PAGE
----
• Inclusion of all the energy costs within and associated with the building project.
  • Comparison against a baseline building that complies with Appendix G of Standard 90.1-2007 (with errata but without addenda) or USGBC approved equivalent. The default process energy cost is 25% of the total energy cost for the baseline building. If the building’s process energy cost is less than 25% of the baseline building energy cost, the LEED submittal must include documentation substantiating that process energy inputs are appropriate.

For the purpose of this analysis, process energy is considered to include, but is not limited to, office and general miscellaneous equipment, computers, elevators and escalators, kitchen cooking and refrigeration, laundry washing and drying, lighting exempt from the lighting power allowance (e.g., lighting integral to medical equipment) and other (e.g., waterfall pumps).

Regulated (non-process) energy includes lighting (e.g., for the interior, parking garage, surface parking, façade, or building grounds, etc. except as noted above), heating, ventilating, and air conditioning (HVAC) (e.g., for space heating, space cooling, fans, pumps, toilet exhaust, parking garage ventilation, kitchen hood exhaust, etc.), and service water heating for domestic or space heating purposes.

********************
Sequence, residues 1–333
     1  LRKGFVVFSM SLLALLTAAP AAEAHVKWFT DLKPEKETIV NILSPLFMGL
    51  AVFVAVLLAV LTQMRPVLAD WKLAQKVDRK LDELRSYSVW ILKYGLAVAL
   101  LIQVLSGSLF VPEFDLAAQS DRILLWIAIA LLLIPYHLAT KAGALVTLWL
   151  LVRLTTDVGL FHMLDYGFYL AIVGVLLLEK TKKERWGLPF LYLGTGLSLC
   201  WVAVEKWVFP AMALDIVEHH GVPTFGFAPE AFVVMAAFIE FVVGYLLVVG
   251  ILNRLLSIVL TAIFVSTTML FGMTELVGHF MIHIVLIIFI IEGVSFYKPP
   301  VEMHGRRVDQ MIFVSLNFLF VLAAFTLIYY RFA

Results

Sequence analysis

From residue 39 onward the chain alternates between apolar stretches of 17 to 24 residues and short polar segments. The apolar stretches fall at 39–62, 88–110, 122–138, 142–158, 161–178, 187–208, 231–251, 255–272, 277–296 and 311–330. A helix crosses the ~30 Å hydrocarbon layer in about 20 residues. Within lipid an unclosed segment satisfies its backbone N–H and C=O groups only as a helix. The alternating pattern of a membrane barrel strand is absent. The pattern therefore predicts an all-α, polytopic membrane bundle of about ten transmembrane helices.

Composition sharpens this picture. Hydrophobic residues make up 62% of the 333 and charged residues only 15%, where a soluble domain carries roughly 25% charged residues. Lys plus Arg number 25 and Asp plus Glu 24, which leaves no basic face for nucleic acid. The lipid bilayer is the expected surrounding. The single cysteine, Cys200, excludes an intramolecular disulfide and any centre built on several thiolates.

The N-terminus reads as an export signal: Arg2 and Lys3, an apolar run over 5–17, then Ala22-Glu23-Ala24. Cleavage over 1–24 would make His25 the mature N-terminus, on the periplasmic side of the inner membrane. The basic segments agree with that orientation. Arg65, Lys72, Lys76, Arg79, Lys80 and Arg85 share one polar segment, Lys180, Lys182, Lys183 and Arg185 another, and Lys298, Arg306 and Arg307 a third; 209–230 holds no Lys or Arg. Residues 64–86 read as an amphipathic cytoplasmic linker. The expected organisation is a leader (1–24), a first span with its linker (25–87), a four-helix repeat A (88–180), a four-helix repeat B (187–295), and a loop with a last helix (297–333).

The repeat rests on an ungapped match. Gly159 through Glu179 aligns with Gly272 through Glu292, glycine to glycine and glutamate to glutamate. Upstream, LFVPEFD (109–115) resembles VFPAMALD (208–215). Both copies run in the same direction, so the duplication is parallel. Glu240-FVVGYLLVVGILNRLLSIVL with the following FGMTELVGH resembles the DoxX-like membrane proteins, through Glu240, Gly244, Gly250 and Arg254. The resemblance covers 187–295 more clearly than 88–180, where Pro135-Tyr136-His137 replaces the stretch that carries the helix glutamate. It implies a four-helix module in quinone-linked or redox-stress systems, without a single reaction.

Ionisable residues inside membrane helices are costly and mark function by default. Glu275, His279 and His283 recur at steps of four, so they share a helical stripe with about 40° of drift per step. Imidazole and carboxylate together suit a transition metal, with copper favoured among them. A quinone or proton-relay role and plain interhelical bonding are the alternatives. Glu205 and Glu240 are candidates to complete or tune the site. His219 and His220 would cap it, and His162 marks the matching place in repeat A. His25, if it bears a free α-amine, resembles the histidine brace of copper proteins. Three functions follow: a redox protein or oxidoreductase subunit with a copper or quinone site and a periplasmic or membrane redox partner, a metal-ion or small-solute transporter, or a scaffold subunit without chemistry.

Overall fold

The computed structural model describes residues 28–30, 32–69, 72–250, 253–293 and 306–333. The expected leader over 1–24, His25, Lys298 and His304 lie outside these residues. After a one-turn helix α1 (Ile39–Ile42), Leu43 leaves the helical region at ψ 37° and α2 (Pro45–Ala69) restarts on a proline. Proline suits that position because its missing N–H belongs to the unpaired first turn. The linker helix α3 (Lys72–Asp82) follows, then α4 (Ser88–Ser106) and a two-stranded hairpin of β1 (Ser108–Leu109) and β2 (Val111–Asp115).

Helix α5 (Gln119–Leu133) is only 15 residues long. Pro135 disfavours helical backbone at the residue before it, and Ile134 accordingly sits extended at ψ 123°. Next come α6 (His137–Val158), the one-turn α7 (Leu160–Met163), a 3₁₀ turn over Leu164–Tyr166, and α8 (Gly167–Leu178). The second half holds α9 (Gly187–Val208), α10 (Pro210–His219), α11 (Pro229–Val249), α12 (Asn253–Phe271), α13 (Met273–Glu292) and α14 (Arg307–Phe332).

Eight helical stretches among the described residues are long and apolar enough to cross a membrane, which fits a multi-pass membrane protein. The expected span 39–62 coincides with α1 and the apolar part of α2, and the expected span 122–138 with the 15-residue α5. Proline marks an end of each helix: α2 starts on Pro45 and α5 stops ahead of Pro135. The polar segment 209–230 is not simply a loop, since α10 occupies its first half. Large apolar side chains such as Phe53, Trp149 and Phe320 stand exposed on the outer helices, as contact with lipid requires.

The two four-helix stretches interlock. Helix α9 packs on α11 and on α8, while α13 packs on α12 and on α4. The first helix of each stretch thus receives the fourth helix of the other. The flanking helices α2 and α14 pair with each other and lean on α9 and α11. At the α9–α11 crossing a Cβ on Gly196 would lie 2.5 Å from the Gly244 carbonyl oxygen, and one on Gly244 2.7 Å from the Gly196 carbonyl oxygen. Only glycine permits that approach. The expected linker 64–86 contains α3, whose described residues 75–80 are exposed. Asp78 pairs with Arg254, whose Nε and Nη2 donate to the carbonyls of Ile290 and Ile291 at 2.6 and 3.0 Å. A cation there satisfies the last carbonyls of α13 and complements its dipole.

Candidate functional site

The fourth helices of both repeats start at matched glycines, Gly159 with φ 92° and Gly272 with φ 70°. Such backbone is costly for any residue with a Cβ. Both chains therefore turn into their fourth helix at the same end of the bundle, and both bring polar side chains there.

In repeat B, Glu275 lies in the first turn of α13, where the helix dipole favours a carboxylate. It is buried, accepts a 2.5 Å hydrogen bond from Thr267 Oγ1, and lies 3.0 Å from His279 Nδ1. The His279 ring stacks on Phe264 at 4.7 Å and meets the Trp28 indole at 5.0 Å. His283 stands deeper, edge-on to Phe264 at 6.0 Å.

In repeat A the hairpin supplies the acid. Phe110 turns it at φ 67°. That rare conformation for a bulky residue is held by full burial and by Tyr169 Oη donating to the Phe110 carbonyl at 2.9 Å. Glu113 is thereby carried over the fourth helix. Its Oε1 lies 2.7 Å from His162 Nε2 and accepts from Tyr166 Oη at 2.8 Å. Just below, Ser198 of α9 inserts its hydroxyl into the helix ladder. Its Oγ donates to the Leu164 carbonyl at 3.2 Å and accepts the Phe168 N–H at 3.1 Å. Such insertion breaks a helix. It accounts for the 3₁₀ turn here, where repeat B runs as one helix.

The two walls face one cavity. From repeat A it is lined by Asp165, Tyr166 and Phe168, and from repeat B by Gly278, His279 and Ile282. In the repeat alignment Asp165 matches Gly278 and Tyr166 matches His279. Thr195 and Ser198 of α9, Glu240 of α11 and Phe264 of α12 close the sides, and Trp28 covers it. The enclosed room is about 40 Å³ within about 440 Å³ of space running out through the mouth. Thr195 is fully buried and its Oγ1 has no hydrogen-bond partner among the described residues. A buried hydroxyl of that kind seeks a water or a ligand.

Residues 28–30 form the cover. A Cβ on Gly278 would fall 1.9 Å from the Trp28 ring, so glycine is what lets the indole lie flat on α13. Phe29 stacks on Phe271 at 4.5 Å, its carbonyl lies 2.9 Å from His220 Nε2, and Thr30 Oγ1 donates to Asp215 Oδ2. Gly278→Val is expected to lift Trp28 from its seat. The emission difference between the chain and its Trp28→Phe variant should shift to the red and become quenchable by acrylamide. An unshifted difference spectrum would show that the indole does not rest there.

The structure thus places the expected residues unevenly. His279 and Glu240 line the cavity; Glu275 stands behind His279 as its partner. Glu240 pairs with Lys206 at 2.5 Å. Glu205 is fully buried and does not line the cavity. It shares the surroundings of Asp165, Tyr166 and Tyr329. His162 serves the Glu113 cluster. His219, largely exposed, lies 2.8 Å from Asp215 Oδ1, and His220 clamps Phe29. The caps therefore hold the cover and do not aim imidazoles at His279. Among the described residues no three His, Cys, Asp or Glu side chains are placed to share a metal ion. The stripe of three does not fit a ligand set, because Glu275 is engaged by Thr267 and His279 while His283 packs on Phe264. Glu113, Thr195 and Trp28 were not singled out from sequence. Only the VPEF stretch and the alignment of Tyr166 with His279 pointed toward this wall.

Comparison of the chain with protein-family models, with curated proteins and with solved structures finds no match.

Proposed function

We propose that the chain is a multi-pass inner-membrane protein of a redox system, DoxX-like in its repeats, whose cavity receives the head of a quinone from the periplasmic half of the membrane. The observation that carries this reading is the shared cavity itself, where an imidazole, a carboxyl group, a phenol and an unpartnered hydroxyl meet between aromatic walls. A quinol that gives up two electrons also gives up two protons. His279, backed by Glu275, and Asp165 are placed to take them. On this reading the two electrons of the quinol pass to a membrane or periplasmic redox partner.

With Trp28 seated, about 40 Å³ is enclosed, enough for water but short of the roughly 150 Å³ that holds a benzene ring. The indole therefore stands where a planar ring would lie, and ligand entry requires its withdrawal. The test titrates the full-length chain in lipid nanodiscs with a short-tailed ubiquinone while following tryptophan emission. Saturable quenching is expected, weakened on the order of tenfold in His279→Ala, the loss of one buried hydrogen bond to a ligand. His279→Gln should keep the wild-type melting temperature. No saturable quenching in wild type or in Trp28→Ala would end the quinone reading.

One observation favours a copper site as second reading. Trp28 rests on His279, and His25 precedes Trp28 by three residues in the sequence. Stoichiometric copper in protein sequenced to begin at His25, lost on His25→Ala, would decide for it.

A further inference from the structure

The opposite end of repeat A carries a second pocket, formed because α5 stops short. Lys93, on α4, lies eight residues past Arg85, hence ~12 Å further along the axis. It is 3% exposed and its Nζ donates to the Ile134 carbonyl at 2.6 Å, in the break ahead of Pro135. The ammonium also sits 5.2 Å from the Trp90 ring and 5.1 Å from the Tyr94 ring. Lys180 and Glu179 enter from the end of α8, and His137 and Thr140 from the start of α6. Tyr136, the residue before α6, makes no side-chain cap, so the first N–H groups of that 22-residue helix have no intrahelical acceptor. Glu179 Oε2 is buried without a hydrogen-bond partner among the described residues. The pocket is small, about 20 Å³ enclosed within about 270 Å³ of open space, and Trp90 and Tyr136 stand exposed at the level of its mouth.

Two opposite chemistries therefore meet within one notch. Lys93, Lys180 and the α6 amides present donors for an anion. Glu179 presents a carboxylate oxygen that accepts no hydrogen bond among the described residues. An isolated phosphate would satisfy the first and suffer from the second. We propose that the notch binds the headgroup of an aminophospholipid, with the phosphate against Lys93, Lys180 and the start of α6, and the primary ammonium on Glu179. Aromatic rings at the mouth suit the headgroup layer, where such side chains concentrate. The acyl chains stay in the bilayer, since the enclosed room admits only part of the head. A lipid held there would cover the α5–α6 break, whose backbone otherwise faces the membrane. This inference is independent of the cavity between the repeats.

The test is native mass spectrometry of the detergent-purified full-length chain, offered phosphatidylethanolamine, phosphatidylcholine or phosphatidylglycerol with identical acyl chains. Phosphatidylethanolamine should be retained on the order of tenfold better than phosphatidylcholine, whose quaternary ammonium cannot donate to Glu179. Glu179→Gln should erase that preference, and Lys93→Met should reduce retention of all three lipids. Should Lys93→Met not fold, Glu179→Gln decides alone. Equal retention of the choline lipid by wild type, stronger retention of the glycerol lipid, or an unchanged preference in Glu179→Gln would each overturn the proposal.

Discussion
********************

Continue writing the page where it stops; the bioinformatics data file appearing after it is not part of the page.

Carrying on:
For this credit, process loads must be identical for both the baseline building performance rating and the proposed building performance rating. However, project teams may follow the exceptional calculation method (ANSI/ASHRAE/IESNA Standard 90.1-2007 G2.5) or USGBC approved equivalent to document measures that reduce process loads. Documentation of process load energy savings must include a list of the assumptions made for both the base and proposed design, and theoretical or empirical information supporting these assumptions.

Projects in California may use Title 24-2005, Part 6 in place of ANSI/ASHRAE/IESNA Standard 90.1-2007 for Option 1.

OR

Option 2. Prescriptive compliance path: ASHRAE Advanced Energy Design Guide (1 point)

Comply with the prescriptive measures of the ASHRAE Advanced Energy Design Guide appropriate to the project scope, outlined below. Project teams must comply with all applicable criteria as established in the Advanced Energy Design Guide for the climate zone in which the building is located. Projects outside the U.S. may use ASHRAE/ASHRAE/IESNA Standard 90.1-2007 Appendices B and D to determine the appropriate climate zone.

Path 1. ASHRAE Advanced Energy Design Guide for Small Office Buildings 2004

The building must meet the following requirements:

  • Less than 20,000 square feet (1,800 square meters).
  • Office occupancy.
Path 2. ASHRAE Advanced Energy Design Guide for Small Retail Buildings 2006

The building must meet the following requirements:

  • Less than 20,000 square feet (1,800 square meters).
  • Retail occupancy.
Path 3. ASHRAE Advanced Energy Design Guide for Small Warehouses and Self Storage Buildings 2008